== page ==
From the Roman historian and scholar Tacitus, we learn that Germans in the first century AD worshiped an Earth Goddess called Nerthus. Tacitus also mentions two war gods: Odin (or Woden) and Tyr. The great Viking scholar Magnus Magnusson claims that Woden was one of the chief gods of the Anglo-Saxons. Woden was so important to them, in fact, that most of the early Saxon kings claimed descent from the god as proof of their right to rule. Magnusson also identified the Saxon god Thunor, God of Thunder, who was known as Thor by the Vikings. During times of Viking settlement, Thor was revered above Odin in daily life.
But the strongest evidence for the identity of the Anglo-Saxon gods is found in place-names. Using this evidence, scholars have been able to add Tiw and the goddess Frig to the list of deities the Anglo-Saxons were known to worship. In addition, the Old English word “lea” added to many place-names in Europe is thought to be evidence of places of worship, as it refers to a clearing in the forest. These “sacred groves” were very important to the practice of Anglo-Saxon religion. There is also evidence of worship of the Sun and the Moon as deities, both in charms that have been preserved and in the names for Sunday and Monday.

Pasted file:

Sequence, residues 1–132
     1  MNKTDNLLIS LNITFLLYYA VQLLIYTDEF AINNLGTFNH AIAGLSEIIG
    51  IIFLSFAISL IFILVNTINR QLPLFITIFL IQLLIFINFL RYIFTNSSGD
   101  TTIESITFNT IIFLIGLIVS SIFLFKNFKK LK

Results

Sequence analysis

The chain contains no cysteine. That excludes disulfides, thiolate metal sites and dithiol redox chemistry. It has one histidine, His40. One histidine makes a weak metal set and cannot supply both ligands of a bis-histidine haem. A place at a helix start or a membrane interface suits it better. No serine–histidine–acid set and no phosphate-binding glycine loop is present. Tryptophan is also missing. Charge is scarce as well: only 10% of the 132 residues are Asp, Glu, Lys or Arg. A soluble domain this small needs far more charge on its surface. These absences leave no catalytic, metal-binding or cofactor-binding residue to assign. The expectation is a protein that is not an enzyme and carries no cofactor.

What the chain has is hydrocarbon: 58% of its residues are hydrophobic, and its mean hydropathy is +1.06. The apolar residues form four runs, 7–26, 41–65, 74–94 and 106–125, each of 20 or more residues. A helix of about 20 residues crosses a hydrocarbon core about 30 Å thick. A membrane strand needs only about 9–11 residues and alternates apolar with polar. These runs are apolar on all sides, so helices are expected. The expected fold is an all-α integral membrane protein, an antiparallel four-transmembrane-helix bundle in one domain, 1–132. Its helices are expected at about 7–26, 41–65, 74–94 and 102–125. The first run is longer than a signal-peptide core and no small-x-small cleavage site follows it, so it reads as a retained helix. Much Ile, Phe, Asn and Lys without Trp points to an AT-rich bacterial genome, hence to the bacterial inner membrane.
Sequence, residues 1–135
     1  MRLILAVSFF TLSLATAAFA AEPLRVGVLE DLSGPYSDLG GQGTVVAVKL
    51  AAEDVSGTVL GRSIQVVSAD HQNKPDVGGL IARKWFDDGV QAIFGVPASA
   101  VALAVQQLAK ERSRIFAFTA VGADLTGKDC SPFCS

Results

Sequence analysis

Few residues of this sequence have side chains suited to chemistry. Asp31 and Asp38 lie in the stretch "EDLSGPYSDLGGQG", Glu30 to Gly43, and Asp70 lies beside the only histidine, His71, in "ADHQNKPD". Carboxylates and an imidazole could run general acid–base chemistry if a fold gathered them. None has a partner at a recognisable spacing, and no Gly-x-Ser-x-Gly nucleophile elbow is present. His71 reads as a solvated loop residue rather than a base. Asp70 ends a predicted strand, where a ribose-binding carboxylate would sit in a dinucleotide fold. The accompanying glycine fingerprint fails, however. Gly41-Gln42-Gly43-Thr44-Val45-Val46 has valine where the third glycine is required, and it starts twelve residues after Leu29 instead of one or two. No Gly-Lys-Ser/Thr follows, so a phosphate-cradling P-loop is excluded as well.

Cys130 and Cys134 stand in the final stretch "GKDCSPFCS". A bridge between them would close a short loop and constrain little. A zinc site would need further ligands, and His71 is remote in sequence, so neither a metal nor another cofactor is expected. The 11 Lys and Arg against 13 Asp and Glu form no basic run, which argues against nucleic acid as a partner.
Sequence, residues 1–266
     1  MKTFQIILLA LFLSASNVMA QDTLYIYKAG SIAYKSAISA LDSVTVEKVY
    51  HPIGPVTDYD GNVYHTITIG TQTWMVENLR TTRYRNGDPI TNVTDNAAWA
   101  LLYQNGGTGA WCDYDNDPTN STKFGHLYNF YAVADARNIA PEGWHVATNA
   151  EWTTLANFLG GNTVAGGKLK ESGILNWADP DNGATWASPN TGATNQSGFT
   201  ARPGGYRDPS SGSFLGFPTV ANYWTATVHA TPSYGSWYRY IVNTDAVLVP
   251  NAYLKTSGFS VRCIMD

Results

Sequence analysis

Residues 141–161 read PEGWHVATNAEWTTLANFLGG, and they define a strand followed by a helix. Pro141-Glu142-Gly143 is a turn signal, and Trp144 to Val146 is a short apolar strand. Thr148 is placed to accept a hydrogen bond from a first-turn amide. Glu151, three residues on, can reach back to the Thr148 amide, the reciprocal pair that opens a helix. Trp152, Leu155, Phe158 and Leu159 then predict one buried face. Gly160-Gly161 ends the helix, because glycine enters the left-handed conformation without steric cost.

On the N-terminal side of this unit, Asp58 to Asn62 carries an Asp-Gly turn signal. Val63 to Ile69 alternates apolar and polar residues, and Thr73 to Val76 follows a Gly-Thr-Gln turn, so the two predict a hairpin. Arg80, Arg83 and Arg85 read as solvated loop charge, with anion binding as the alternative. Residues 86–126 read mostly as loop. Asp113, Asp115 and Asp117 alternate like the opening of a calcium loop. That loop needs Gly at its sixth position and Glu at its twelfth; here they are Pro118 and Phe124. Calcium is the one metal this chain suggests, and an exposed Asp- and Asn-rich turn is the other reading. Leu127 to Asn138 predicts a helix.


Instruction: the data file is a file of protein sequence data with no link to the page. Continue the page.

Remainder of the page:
The regular practice of the pagan religion in Anglo-Saxon times involved several seasonal festivals. Nearly everything we know about the religious festivals of the pagan Anglo-Saxons comes from a book called De temporum ratione (“The Reckoning of Time”), written by a Christian monk known to us as the Venerable Bede. In his book, Bede describes the yearly calendar of the Anglo-Saxon people, which usually consisted of twelve lunar months, much like our current calendar.